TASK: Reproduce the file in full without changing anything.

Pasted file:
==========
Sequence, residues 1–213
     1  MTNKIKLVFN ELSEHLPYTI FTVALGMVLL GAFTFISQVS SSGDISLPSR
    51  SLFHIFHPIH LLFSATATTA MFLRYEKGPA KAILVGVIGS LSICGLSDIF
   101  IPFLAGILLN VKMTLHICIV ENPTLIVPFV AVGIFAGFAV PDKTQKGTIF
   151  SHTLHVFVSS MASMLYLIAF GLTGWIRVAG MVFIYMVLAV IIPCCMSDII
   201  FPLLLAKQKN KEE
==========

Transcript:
Sequence, residues 1–213
     1  MTNKIKLVFN ELSEHLPYTI FTVALGMVLL GAFTFISQVS SSGDISLPSR
    51  SLFHIFHPIH LLFSATATTA MFLRYEKGPA KAILVGVIGS LSICGLSDIF
   101  IPFLAGILLN VKMTLHICIV ENPTLIVPFV AVGIFAGFAV PDKTQKGTIF
   151  SHTLHVFVSS MASMLYLIAF GLTGWIRVAG MVFIYMVLAV IIPCCMSDII
   201  FPLLLAKQKN KEE